Reopening: What could a vaccine pass for dining indoors at pubs and restaurants look like?

The government is to consider adapting the EU’s international travel cert for use in indoor dining.

THE GOVERNMENT IS to consider using the European travel cert for its system that would allow vaccinated people to dine indoors, the Tánaiste has said.

Leo Varadkar said this morning that the government will try to work out whether the EU Digital Covid-19 Certificate for international travel can be adapted to use for indoor activities.

The planned reopening of indoor hospitality for 5 July was delayed yesterday after advice from public health experts that recommended an initial return of indoor dining for only vaccinated people would be safer than reopening to everyone.

Cabinet decided to extend the restrictions on pubs and restaurants serving indoors to give itself time to develop a system that could verify whether a person has been vaccinated or recovered from Covid-19 in the last nine months.

There are have been no decisions made yet on what that system will be, and Cabinet has given itself until 19 July to develop an “implementation plan”.

Speaking on RTÉ Radio One’s Morning Ireland, the Tánaiste said that “we have done a lot of work on a digital Covid cert for international travel and one thing we’re going to try and work out over the next couple of days now is whether we can adapt that for use for indoor activities in Ireland”.

Another factor the government will be considering is whether children under the age of six could be made exempt from the vaccine requirement at pubs and restaurants.

However, for children under 16 – who cannot currently avail of a vaccine – Varadkar said that “that’s more difficult because children of that age group can get and transmit the virus”.

“But these are things we’re going to have to figure out and try to work out over the next period.”

On discrepancies between dining indoors in hotels, which has been permitted for guests since the start of June, and the expected new rules for pubs and restaurants, he said that there “will be anomalies and there are details we have to work out”.

“So when it comes to hotels, you know, it’s always been the case, the hotel residents have been able to be served food, and the reason why that is is that even during Level Five, even during the worst period of the pandemic, we allowed hotel residents to be served a meal indoors. And that’s not something that we intend to change,” he said.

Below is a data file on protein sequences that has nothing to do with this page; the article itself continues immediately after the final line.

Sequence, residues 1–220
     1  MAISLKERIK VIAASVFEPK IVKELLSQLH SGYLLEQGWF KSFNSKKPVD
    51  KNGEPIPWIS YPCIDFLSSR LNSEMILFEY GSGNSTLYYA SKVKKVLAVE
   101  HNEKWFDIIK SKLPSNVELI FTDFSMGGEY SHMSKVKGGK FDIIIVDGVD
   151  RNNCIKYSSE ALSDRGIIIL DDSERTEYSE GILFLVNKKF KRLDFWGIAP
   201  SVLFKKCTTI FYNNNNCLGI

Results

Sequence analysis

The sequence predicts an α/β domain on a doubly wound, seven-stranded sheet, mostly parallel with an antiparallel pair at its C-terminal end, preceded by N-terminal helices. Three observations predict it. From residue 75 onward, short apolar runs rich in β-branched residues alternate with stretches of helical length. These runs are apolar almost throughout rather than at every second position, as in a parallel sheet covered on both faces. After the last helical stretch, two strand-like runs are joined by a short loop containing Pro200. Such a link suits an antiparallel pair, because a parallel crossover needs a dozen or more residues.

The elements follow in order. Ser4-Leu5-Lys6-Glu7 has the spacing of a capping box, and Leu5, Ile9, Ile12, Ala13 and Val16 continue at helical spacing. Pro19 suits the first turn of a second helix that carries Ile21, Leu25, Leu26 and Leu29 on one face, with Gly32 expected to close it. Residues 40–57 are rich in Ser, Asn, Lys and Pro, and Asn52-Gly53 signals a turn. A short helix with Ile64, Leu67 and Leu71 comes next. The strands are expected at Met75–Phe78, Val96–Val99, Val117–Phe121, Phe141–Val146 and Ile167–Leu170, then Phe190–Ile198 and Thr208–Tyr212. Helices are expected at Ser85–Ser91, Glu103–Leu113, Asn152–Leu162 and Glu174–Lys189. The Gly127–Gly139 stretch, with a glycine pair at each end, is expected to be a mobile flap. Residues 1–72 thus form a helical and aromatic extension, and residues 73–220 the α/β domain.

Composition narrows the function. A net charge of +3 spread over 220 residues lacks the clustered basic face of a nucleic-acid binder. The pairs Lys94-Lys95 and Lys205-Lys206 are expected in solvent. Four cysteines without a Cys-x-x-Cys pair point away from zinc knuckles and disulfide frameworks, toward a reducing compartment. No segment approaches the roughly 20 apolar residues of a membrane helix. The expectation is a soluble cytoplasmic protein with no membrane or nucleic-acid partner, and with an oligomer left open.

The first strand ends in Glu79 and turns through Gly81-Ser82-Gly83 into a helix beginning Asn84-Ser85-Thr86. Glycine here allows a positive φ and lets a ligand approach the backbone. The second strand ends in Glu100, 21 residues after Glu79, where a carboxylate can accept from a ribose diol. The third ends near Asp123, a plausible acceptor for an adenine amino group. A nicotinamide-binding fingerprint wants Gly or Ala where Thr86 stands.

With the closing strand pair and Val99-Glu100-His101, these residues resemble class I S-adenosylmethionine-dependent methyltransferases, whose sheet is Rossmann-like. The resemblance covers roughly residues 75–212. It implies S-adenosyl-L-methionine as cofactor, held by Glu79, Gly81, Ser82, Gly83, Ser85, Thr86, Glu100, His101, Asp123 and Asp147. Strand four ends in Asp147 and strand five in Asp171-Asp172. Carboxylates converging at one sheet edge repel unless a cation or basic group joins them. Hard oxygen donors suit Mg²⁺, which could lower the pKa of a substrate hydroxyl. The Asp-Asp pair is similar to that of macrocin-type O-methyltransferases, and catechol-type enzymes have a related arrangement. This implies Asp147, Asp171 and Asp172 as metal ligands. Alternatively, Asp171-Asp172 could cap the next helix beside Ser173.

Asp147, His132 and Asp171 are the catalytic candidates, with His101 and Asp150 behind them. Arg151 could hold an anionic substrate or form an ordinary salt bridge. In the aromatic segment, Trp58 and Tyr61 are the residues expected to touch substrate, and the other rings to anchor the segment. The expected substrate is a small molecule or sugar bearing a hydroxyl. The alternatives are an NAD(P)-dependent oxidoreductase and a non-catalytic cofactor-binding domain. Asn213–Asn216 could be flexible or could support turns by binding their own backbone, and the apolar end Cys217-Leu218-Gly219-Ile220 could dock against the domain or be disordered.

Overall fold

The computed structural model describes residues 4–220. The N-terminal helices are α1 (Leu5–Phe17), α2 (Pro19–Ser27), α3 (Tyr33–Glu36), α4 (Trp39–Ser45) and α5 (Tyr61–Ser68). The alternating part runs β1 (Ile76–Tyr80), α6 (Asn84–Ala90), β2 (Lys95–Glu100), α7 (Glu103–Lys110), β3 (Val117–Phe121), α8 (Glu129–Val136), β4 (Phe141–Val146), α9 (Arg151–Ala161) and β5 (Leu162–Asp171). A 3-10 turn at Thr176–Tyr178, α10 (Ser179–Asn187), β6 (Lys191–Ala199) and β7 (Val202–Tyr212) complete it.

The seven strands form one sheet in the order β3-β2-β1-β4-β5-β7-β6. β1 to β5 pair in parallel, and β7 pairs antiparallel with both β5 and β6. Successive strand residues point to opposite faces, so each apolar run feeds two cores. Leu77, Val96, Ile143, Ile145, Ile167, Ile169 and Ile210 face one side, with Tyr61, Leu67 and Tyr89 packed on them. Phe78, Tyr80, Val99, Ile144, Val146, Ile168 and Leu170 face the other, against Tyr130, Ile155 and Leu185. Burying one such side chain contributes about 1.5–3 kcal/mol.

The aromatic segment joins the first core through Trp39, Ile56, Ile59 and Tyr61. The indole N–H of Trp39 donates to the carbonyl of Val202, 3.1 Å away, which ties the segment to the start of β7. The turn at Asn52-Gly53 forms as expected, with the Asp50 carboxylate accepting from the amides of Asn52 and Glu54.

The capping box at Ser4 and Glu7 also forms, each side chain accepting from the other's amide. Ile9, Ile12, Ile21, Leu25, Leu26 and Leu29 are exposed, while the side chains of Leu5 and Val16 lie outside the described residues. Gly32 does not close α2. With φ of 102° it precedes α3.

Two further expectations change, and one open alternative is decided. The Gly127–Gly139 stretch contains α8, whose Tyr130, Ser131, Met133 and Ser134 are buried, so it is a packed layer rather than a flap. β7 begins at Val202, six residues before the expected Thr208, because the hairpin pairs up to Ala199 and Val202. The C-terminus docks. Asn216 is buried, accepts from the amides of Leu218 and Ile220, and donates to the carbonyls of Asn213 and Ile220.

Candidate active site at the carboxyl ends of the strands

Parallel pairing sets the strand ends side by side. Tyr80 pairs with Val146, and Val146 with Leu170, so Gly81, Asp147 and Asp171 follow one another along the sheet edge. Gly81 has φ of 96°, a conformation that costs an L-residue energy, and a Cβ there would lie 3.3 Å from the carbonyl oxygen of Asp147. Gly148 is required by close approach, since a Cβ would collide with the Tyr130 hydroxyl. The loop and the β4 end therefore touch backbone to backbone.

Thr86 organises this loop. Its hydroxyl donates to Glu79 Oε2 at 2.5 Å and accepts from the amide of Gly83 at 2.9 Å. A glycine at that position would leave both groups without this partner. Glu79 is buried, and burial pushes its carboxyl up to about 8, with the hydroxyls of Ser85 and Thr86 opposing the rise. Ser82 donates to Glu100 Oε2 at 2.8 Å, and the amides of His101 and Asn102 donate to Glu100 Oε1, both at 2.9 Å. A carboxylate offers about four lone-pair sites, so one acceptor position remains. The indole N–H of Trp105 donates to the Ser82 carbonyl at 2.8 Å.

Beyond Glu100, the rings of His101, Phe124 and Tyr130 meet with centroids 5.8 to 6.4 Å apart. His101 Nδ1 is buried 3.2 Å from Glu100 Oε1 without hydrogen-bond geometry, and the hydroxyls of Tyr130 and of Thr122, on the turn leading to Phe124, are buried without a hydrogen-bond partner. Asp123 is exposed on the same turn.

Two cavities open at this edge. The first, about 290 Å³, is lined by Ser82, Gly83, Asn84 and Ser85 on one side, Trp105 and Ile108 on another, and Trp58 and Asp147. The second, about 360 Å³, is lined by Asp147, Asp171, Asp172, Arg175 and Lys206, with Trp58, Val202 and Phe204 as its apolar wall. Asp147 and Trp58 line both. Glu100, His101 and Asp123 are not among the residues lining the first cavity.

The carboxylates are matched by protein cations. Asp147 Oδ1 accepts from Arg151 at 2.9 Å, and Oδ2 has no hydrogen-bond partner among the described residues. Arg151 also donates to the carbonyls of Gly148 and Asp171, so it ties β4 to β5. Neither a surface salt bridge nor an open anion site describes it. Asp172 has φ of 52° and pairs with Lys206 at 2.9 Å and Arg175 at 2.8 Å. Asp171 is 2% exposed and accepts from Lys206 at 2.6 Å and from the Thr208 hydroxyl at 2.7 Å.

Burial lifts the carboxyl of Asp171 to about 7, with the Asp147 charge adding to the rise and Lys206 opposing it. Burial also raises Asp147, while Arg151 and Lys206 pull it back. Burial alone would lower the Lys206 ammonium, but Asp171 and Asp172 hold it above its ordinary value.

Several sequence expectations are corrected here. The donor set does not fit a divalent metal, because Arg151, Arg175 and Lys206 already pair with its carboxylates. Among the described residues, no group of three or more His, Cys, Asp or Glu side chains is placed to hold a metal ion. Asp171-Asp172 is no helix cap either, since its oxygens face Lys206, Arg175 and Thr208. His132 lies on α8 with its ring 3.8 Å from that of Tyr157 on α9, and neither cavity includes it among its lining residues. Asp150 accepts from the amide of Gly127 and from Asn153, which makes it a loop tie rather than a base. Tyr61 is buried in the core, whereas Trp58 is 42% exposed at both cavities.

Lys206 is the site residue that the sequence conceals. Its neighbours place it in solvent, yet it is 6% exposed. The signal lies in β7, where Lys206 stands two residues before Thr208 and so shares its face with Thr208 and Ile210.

The Tánaiste said that given that the digital certificate works on the basis of being vaccinated, recovered, or having a recent negative test, the government will need to give “close consideration” to the option of using negative tests for entry to indoor dining.

“It would be a departure from public health advice, I need to be straight about that, but I think that is something that will have to form part of our considerations,” he said.

How does the EU digital cert work?

The EU Digital Covid Certificate will show proof that a person has either been vaccinated against Covid-19, received a negative test result, or recovered from Covid-19 in the last six months.

It was designed as a way to facilitate international travel between EU member states and comes into effect around Europe from tomorrow.

Under Ireland’s international travel measures, non-essential travel is allowed again from 19 July, and the digital certificate will be used for travel within the EU.

If you receive a vaccine or a Covid-19 test in an EU country, you can receive the certificate for free in both English and the state’s official language.

The certificate will show the individual’s name, date of birth, date the cert was issued, the relevant information about the vaccine, test, or recovery, and a unique identifier number.

Passengers who enter Ireland from an EU or EEA country with the certificate will not be required to quarantine on arrival.

What are other countries doing?

Elsewhere in Europe, indoor hospitality has largely returned, with some countries operating systems that require proof of vaccination to dine indoors.

In Cyprus, for example, diners must present a ‘SafePass’ to be served inside.

The SafePass indicates if they have had Covid-19 in the last six months, if they have had a negative test in the last 72 hours, or if they have had at least one dose of a vaccine three weeks beforehand.  

It’s also used for entry to shopping centres and some sports facilities.

Similarly, in Austria, a negative Covid-19 test or proof of vaccine or past infection is required to visit a restaurant, as well as a maximum limit of four adults (plus children) at a table.

The Czech Republic, Denmark, Latvia, Lithuania, Monaco, some areas of Germany and Moscow in Russia ask for proof of vaccination or a negative test.

The Netherlands requires that hospitality staff are tested twice a week, as well as a maximum of four people per table. 

Israel was operating a ‘Green Pass’ for entry to businesses, which had to be presented along with ID like a driver’s license or passport, but the pass is no longer required because of the high level of vaccination.

Individuals were eligible for a Green Pass if they were vaccinated or recovered from Covid-19.

Teenagers aged 16 or under could receive the pass if they tested negative through a PCR test, with validity until midnight on the day that fell three days after they received the result.

Contains reporting by Niamh Quinlan

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